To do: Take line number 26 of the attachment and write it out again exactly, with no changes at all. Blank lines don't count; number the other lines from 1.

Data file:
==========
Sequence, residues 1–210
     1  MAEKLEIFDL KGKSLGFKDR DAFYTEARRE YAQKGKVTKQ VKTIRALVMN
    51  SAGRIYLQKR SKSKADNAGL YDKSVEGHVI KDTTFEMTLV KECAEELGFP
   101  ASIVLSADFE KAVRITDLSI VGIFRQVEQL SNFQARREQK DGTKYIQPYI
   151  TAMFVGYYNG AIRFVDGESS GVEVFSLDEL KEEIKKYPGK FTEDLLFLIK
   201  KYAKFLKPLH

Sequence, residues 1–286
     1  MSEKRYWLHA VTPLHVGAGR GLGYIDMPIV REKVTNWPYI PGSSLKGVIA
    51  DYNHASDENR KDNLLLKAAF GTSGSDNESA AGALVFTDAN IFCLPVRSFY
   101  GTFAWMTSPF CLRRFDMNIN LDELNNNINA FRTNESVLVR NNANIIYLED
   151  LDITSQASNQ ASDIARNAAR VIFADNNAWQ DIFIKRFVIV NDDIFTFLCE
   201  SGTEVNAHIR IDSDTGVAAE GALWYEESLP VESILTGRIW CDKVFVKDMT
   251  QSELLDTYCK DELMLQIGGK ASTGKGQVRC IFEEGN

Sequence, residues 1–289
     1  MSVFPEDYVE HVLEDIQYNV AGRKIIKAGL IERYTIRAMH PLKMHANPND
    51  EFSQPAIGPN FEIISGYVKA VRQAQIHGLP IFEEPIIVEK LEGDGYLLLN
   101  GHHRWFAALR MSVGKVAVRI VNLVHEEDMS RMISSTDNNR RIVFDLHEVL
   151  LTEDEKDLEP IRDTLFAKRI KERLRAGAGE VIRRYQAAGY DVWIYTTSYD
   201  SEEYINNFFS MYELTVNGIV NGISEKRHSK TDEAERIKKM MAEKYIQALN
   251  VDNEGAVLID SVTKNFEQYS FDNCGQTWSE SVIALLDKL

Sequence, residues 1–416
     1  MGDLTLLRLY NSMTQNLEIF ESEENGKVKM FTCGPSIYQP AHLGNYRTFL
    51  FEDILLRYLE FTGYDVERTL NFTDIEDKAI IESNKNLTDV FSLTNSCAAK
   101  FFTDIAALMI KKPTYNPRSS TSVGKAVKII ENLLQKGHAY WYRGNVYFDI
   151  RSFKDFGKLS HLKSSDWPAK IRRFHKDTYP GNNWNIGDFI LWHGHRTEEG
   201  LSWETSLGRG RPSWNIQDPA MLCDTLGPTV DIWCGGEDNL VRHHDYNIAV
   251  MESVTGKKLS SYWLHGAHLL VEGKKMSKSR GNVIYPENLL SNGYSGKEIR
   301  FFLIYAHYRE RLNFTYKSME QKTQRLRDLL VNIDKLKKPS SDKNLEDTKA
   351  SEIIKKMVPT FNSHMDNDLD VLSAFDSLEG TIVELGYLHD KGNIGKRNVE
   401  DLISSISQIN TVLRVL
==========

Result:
   201  LSWETSLGRG RPSWNIQDPA MLCDTLGPTV DIWCGGEDNL VRHHDYNIAV